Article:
6. Right-click on the map or on the yellow Data Frame icon in the Table of Contents.

7. From the popup menu at right scroll down and select the Properties option.
Note well, that you will do a lot of “right-clicking” in ArcGIS. In particular, you will be accessing the Properties option of this menu.
When the Properties window opens make sure the Coordinate System tab is selected in the new window. This map has a global coordinate system (GCS) based on the North American datum of 1927.
8. To select a projection from the Select a coordinate system window (see lower window), open the Predefined directory and click on the Projected Coordinate Systems directory, then the Continental directory, and finally the North America directory.

A list of projections will appear.

9. Under the North America directory scroll down to the USA Contiguous Albers Equal-Area Conic.

The projection properties will now be listed in the Current Coordinate System window.

The cone is usually centered over a pole and its surface contacts the earth along a parallel. The best representation of the earth occurs along that parallel (called the Standard Parallel) and as you can see, conic projections are ideal for mid-latitude regions. Usually the cone is made to cut into the earth at one parallel and re-emerge at another to further improve the area of coverage. Thus, two standard parallels are called for along with a central meridian to center the map on.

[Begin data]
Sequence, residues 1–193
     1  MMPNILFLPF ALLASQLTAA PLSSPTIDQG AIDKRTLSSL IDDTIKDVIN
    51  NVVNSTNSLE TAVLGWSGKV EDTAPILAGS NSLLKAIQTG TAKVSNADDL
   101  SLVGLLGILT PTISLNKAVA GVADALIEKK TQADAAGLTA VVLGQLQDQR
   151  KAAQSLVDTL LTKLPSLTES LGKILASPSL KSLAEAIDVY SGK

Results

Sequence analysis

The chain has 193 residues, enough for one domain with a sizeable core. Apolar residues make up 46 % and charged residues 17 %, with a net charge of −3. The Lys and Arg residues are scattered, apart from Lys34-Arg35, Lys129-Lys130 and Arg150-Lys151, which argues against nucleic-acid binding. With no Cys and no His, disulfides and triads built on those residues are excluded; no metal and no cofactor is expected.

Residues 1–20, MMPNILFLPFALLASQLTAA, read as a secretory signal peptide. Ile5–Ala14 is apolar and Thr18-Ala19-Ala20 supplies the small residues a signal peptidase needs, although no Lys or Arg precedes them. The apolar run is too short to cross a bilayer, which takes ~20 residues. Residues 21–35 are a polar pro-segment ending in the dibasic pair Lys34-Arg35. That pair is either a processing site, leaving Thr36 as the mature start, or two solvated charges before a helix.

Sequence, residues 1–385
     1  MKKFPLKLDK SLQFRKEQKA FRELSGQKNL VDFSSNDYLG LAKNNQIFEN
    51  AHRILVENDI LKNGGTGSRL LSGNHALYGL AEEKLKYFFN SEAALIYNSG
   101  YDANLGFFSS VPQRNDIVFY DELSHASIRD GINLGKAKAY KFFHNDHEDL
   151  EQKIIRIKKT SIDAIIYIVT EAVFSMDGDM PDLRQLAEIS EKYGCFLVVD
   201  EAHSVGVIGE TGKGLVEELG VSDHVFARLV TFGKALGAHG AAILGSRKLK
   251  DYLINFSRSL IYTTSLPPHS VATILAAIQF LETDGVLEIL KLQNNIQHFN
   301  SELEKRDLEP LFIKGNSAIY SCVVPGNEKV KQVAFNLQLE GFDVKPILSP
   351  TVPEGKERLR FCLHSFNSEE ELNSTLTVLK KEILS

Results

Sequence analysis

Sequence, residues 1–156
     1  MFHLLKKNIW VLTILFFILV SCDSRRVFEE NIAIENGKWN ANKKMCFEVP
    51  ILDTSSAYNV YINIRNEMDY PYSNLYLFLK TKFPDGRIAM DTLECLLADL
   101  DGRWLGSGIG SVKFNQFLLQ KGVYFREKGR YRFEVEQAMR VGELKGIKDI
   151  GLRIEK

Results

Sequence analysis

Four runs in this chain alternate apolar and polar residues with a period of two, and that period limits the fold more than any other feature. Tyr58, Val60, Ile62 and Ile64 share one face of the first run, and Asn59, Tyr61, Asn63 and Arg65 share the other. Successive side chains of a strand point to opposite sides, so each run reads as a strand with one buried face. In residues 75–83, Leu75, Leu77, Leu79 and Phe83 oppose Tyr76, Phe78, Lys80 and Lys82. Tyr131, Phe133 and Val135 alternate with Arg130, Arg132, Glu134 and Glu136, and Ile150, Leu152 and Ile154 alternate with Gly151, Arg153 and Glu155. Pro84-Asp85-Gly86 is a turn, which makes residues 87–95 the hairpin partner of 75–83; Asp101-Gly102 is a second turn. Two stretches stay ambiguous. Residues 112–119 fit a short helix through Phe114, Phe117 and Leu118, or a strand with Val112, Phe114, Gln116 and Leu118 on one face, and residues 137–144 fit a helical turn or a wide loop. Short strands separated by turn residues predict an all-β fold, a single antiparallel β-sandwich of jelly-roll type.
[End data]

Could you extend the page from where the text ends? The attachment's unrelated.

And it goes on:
You will need to make a couple changes to this projection since it was set for a map centered on North America not California. You will have to move the central meridian westward and pick two lines of latitude that lie well within California. Note that longitude values in the Western Hemishpere are given negative values.
10. From the set of buttons in the right of the Projection Coordinate System window select the Modify button.

When the Projection Properties window opens set the Central Meridian to -120. (note the negative sign), the First Standard Parallel to 35, and the Second Standard Parallel to 38. Click OK.

Note the change in the shape ofCalifornia.


This would be a really good time to save your ArcMap project. Select the File menu and save the mxd file in your working directory. Should ArcMap fail, you can open the program at this stage of completion. Note that once you have created this map file you should not move it or the map layers.

11. From the Tools menu select the Identify tool and then click it on Los AngelesCounty.

The Identify Results window right will open listing the attributes of the area.

Note what variables come with the CaliforniaCounty boundary file. Check the form of the geographic ID of the county and its name (GEOID2). Fortunately, the Census Bureau in its files does create unique FIPS code IDs for the counties as shown here.

C. Importing Data into the Map

1. Click on the Add Data icon and add the CAcensusEx file. Note the icon in the Table of Contents for a data table.
You will need to join this data table to the attributes of the boundary file in order to map the information.